Author: Steve Tennessen

Less hype than Samsung’s Galaxy S4, but I guarantee Talent 4.0 will have a more profound impact on its respective constituency. Bigger, faster, stronger – both of these “next generations” mark an irrevocable progression in the competitive marketplace. With Talent 4.0, corporate America encounters a revitalizing perspective as well as a dangerous ultimatum – lead the pack or get trampled underfoot.

Talent 1.0 was the era of print advertising, paper resumes, and the desktop rolodex. Talent 2.0 welcomed the Internet, as recruiting diversified into job boards and corporate websites. And 3.0 was a major game-change, driven largely by social media and transparency of the Digital Age, where focus shifted to passive candidates and relationship management.

What is Talent 4.0? Innovation becomes the business imperative, hiring is all about fit, elite talent has the upper hand over corporations, destination employers dominate the market share of premium talent, and metrics are the crux of all people-related decision making. What then are the hallmarks of Talent 4.0? Engagement, culture, leadership development, and ROI. So embrace Talent 4.0 – hire bigger, hire faster, hire stronger.

A promising young technology firm, Badgeville has already read the tell-tales. In order to better assess fit, a hiring manager will ask a candidate to do “homework” at some point during the recruiting process. Not only does this itself test industry and domain expertise but it gauges leadership insight, communication skills, overall interest in the company, as well as the bravery and candor to openly address a shortcoming of the organization. Added bonus, this exercise motivates current employees to stay at the top of their game.

Already a trend-setter in the hospitality industry, back in 2011 Marriott launched a web-based recruiting game. A Farmville-like scenario, players begin in a kitchen by hiring/managing staff, purchasing product, and filling orders all while staying under budget. This gamification has engaged a cohort of Millennials, diverting their attention not only from competitors but from wholly different career paths. The visibility of tasks and career progression helps prospective employees visualize their Marriott experience, so much so that the company plans to deploy a similar platform internally for training and employee relations.

Even as Marissa Mayer’s panel interviews ruffle feathers over at Yahoo, the concept is popular and thriving at Whole Foods. There, the leadership team fosters a sense of community by selecting employees from disparate groups to form a panel to interview finalists. Not only does this promote employee engagement among current and future team members, but the diverse panel functions like a checks-and-balance system for culture fit. Informally, this practice is starting to be used for leadership development and promotion considerations.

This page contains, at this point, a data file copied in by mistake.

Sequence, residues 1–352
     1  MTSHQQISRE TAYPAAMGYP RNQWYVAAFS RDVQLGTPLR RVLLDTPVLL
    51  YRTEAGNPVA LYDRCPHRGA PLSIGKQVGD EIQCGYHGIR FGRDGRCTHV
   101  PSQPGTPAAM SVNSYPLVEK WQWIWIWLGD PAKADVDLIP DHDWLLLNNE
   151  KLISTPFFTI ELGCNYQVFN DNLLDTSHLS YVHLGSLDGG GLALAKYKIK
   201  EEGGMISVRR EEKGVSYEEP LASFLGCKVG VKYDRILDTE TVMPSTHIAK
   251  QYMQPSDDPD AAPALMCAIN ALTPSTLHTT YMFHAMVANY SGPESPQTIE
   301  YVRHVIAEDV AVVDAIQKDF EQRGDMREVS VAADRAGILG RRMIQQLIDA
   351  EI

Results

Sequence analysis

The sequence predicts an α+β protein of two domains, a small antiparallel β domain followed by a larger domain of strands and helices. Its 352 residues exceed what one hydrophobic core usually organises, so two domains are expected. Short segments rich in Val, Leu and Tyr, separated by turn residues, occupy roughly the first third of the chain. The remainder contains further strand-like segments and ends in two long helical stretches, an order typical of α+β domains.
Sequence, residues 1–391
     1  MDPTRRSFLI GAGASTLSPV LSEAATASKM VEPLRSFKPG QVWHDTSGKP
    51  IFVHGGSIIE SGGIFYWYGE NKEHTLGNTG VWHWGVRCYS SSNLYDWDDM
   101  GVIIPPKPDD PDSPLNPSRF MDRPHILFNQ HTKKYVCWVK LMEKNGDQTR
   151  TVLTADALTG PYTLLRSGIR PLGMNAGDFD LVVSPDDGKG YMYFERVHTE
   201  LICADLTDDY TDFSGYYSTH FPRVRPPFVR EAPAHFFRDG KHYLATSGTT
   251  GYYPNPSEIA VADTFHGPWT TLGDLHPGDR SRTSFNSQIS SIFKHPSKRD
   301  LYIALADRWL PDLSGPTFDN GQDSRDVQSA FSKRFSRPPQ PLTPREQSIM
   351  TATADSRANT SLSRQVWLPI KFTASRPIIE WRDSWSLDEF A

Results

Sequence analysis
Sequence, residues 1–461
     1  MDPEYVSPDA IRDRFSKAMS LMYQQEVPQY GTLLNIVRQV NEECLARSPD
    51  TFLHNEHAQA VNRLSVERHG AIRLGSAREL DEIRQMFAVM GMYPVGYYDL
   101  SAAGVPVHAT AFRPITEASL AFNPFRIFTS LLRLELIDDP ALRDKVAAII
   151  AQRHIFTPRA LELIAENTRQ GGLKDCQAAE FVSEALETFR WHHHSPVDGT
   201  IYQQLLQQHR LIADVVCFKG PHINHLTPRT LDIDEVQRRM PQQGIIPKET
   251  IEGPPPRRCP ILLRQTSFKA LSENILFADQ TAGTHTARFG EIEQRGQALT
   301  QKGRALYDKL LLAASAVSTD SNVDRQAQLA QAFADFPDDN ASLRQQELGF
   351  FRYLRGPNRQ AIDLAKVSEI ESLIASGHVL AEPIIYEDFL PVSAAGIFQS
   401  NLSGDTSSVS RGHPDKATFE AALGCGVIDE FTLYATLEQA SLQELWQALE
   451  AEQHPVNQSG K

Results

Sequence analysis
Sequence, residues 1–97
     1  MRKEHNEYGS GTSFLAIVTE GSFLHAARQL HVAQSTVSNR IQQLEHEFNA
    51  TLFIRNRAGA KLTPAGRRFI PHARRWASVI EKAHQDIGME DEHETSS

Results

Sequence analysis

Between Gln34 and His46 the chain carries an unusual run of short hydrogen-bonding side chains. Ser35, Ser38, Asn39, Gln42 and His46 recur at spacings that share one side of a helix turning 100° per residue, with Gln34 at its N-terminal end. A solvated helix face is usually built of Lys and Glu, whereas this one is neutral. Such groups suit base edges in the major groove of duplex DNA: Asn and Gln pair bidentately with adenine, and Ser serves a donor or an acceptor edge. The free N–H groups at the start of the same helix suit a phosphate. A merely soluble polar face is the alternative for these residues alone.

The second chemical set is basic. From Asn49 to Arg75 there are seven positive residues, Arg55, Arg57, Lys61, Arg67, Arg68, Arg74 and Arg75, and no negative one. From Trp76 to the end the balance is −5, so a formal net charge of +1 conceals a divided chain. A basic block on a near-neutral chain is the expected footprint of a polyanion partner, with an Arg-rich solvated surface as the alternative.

Not just drinking the Talent 4.0 kool-aid but serving it up, Zappos persists as a bellwether of corporate culture. Most of us have heard that during final interviews, a hiring manager will offer the candidate cash to walk away. Less publicized, on an employee’s 90 day anniversary the company offers him/her $1,000 to quit. This gives whole new meaning to being “all in.” But beyond headline-grabbers like that, Zappos regularly posts video on its website of its people exploring what the corporate culture means for them. It’s a humanizing, personal touch that sparks two-way conversation about a career at Zappos.

Target hit a bulls-eye in connecting its people via an internal, multi-dimensional social network. It starts with TargetWiki, a rangy corporate encyclopedia documenting everything from product specs to “how do I fill out Form B-273?” Then there’s RedTalk, a social media app where employees not only converse in real-time, but it’s often where problem-solving meets crowd-sourcing. Along with other technology enablers these resources tap into “tribal knowledge,” where every employee instantly benefits from more than 50 years of being in business; and where 100 heads are better than one.

Frequently ranked as Fortune Magazine’s #1 Best Company to Work For, it seems only fitting that Google has been on the leading-edge of employee analytics. The company’s wildly sophisticated hiring algorithm incorporates not just what you’d expect, it also examines – optimal number of interview rounds, to minimize time-to-hire while maximizing value; comparative performance data within job families; short-term vs. long-term benefits of a given hire; and, rejected resumes to avoid filtering out a rock star.

And the (talent) rich stay rich. Google also employs a retention algorithm to proactively identify employees who may be “at risk” and break from the company. Crunching data on everything from a person’s recent performance, to the probability and timing of a promotion, to the diversity of his/her tasks and group interactions, this unique formula enables a personalized approach to retaining talent. And the piece de resistance for any talent professional, Google regularly calculates the differential between a top performer and the average performer (which has soared as high as 300x). All things considered, the company is equipped to make irrefutable business cases for various talent decisions.

Like with Apple’s recent iPhone 5, before we know it corporate America will face the next evolution. Will you be ready? Your competitors will be.